Sophomore McKenna Patton has a clear but brief recollection of that morning. She remembers waking up and getting ready for another day of preschool. While eating Lucky Charms at the counter, McKenna turned on the television to the media coverage of New York City. Her first instinct was that it had to be some sort of intense movie and called her mother in the room. The last thing she remembers is her mother freaking out.
Sophomore Elaine Moya does not remember what she was doing that morning, but does recall junior, Noah JeyaRajah in a t-shirt with a picture of the twin towers on it, a t-shirt that his mother had bought for him as a souvenier just two weeks before the attacks.
Some of us were all too young to even have a clue what we did the morning on September 11. Some of us were shielded from it by well-meaning adults. Juniors Andres Chamu and Michael Panh couldn't conjure up any memories of it. Senior Eric Medina remembers both parents dropping him off at school and leaving him in order to watch the news coverage. Junior Marilyn Armstrong went to school that morning and remembers that nothing was brought up to the students about what happened.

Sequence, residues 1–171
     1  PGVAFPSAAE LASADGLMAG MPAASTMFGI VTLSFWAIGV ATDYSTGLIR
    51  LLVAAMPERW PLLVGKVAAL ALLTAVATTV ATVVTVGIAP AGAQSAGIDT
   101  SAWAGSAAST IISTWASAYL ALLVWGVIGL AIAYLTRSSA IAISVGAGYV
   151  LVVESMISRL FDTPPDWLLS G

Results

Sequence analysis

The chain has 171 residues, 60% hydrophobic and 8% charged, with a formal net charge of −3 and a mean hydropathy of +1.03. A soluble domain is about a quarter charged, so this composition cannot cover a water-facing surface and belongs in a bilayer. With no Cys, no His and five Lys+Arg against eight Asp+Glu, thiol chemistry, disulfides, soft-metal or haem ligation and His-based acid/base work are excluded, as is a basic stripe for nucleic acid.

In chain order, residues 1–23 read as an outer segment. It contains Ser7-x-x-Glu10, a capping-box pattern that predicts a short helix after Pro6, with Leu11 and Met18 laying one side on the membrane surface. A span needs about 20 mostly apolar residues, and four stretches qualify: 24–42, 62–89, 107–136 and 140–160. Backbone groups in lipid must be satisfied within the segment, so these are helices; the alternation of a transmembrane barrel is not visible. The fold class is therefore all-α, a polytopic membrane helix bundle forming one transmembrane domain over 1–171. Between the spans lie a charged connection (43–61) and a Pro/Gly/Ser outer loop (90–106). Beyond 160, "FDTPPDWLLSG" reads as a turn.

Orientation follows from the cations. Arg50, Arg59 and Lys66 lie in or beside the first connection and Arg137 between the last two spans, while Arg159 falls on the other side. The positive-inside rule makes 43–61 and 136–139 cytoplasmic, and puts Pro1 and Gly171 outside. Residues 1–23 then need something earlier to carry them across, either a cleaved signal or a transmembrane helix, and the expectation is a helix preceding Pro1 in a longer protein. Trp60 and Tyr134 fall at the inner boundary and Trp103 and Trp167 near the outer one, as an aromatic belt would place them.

So what did some CMHS students do on the most recent 9/11?
Senior Nathan Alvis, sophomore Sophie Harriman, and junior Eloisa Martin watched news coverage and documentaries dedicated to the attacks that they were too young to comprehend at the time. Memorial documentaries on television stations are one of the many things contributing to remembering September 11. And for us too young to remember, that may be enough. Enough to remind us that we will continue to grow as people and as a nation.
Written By Kelsey Armstrong